25 years ago, fans set out on a sunny day in April to attend a game at Hillsborough, 96 didn’t return, never again to enjoy another match-day.

2013/14: Sky Bet Championship – Sheffield Wednesday v Huddersfield Town

Will the real Sheffield Wednesday ‘stand-up’? That was the question Owls boss Dave Jones was facing after a 2-1 home defeat in the Yorkshire ‘derby’ against Huddersfield Town.

In their last game at Hillsborough, Wednesday were rampant winning 5-2 against promotion chasing Reading, but against the Terriers they were outplayed for the majority of the game. Jones stated, “we have a block when we play here, but if you start slaughtering the players you lose them and we need them to be big and brave.”

The Wednesday boss made four changes to his team from their last outing at Derby, but it made little difference.

One of those changes, keeper Damien Martinez was soon picking the ball out the net, when Huddersfield went ahead on eleven minutes. Adam Clayton was given too much time and space by the Owls defence and he picked out an unmarked Martin Paterson who finished coolly for his fiftieth league goal.

Paterson looked offside, but Town boss Mark Robins post-match stated he “hadn’t watched a replay” adding, “I don’t care – it was a good move and good finish”. His opposite number Dave Jones, view was that “the first goal might have been offside, but it doesn’t matter because we didn’t do our jobs properly”.

Jones looked to enliven his beleaguered side by introducing Jermaine Johnson and Giles Coke for Michail Antonio and Stephen McPhail at the start of the second-half.

However, it was the Terriers who should have scored just after the break, as a marauding run and shot from Paul Dixon fell for James Vaughan who somehow sliced his effort wide from twelve yards.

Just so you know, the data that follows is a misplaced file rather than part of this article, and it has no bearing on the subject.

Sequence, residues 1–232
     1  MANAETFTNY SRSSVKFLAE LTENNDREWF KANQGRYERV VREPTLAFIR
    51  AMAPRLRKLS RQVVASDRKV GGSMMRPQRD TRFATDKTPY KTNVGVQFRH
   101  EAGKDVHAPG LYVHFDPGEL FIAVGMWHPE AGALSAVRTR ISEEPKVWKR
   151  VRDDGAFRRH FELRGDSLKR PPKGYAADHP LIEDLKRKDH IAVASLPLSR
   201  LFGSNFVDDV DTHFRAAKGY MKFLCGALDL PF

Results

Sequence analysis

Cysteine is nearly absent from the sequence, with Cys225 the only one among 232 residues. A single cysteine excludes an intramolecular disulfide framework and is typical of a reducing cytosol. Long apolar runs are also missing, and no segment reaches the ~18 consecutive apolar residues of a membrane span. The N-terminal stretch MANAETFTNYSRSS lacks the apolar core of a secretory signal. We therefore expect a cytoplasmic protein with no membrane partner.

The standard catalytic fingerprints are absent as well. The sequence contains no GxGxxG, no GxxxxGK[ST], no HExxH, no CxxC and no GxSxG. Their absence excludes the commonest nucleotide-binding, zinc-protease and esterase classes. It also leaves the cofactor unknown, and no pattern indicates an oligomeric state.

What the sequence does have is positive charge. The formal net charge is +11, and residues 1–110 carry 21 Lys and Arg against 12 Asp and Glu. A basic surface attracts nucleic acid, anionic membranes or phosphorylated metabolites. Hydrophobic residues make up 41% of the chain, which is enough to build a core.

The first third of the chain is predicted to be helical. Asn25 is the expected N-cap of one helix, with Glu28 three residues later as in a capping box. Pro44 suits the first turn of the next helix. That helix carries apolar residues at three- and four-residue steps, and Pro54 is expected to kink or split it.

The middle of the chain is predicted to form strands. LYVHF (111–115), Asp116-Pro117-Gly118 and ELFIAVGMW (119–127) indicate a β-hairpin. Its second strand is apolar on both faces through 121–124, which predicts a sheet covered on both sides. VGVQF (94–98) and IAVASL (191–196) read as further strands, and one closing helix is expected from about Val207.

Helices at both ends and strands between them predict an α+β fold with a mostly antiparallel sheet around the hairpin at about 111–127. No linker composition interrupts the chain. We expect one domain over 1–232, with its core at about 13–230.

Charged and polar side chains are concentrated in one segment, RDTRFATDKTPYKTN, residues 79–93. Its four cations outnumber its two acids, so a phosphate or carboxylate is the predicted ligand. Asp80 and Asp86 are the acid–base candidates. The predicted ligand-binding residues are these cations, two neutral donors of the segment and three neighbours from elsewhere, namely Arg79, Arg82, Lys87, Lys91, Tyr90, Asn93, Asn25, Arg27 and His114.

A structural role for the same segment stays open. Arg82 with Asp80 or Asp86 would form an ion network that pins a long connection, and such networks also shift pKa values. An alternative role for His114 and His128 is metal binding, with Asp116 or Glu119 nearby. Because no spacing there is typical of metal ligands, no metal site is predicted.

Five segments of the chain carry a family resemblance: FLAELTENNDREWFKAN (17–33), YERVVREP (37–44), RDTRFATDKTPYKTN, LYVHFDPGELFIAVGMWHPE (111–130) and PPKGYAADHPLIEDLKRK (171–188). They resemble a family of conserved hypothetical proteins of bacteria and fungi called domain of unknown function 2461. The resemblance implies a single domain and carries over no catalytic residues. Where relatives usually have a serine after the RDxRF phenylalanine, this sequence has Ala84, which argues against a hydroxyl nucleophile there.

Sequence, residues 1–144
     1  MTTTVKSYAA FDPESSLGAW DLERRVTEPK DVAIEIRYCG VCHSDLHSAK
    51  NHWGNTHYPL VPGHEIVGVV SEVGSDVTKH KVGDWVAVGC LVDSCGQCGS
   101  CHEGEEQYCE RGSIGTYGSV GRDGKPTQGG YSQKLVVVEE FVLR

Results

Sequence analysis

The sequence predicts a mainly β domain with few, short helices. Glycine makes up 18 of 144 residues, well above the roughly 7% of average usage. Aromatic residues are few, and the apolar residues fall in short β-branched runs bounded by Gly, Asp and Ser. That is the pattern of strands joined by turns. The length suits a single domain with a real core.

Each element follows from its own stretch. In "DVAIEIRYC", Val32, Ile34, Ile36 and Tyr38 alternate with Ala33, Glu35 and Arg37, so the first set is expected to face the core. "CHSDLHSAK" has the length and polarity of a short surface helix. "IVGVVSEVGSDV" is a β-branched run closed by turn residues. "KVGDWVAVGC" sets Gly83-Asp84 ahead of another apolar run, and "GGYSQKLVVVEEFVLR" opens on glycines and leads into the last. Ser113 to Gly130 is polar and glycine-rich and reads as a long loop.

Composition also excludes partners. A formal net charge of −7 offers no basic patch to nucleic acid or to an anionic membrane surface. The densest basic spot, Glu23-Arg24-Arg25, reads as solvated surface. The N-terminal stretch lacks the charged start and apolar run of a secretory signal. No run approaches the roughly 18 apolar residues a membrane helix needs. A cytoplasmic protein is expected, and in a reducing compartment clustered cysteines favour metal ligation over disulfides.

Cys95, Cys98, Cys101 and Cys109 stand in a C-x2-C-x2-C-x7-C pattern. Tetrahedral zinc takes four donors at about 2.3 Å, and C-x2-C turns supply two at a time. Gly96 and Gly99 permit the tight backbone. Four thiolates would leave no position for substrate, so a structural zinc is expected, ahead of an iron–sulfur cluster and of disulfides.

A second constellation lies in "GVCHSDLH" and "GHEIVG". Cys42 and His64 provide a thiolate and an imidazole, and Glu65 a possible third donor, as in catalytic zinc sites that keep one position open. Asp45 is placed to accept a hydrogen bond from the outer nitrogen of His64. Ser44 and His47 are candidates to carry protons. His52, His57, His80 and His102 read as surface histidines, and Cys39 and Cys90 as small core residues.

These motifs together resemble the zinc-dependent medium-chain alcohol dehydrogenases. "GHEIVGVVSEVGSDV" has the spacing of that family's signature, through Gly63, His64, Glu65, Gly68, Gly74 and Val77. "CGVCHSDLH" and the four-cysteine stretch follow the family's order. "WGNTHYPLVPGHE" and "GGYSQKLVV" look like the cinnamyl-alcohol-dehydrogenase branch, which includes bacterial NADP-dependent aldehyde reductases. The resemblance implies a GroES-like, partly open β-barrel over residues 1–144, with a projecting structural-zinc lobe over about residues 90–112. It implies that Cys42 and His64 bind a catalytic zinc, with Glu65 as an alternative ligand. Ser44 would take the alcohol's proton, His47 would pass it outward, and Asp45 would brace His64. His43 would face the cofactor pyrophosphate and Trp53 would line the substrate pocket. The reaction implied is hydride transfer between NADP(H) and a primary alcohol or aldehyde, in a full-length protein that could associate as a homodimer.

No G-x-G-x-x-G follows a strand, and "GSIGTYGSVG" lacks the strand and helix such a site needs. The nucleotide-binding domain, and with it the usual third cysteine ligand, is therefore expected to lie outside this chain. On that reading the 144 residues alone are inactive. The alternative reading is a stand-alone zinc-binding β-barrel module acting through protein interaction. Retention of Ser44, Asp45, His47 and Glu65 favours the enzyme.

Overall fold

The home fans did have something to cheer though ten minutes into the second half, when Jermaine Johnson had his shot well saved by Town keeper Alex Smithies.

Indeed, after the game Terriers manager Mark Robins praised the Huddersfield stopper saying, “his concentration levels were fantastic. There was a small period of the game when we were peppered with shots and he had an answer for everything”.

Unfortunately for Wednesday, they couldn’t find an equaliser and it was Town who went further ahead on sixty eight minutes.

Following a corner, Oliver Norwood’s strike on goal was not cleared by the Wednesday defence, allowing Clayton to arrow his shot into the corner and put the visitors 2-0 ahead.

Even with twenty minutes remaining that pretty much sealed the points for Huddersfield, with a goal from a Connor Wickham free-kick three minutes into stoppage time, merely a consolation.

Unsurprisingly at the final whistle, Hillsborough echoed to boos from the Wednesday fans as this result left their team in the bottom three and with the unenviable record of being the only club in the country yet to have kept a clean sheet.

Terriers’ boss Mark Robins reflected that his team had been “outstanding for the first hour” but accepted the side was “still a work in progress”.

Dave Jones may not have the luxury of time but stated defiantly, “it’s up to everyone to turn this around, and that starts from the staff and through to all the players. We have all got to stand up and be counted”.

FA Cup Semi-Finals 2010/11: That was then – this is now….

FA Cup Semi-Final 1975

05 April 1975 – just another Saturday for most people, but for a 12 year old boy this was a day that was almost too incredible to believe was happening. It was FA Cup Semi-Final day and his beloved Fulham were within a game of reaching the FA Cup Final for the first time in their history. Second Division Fulham were up against First Division Birmingham City, Trevor Francis et al.

The Cottagers previous attempts in reaching the FA Cup Final had all ended in failure. In their first season in the Football League (1907-08), the team progressed to the Semi-Final after victories over Luton Town (8-3), Norwich City (2-1), Manchester City (3-1 in a replay) and Manchester United (2-1). However, the Semi-Final at Anfield against Newcastle United proved a game too far and Fulham slumped to an FA Cup Semi-Final record 6-0 defeat.

It was 28 years before the men from Craven Cottage reached the Semi-Finals again in 1935-36. The journey which never saw Fulham leave London contained wins over Brighton & Hove Albion (2-1), Blackpool (5-2), Chelsea (3-2 in a replay) and Derby County (3-0). For the first time during the Cup run the Cottagers had to travel away from the capital and they were duly beaten 2-1 by Sheffield United.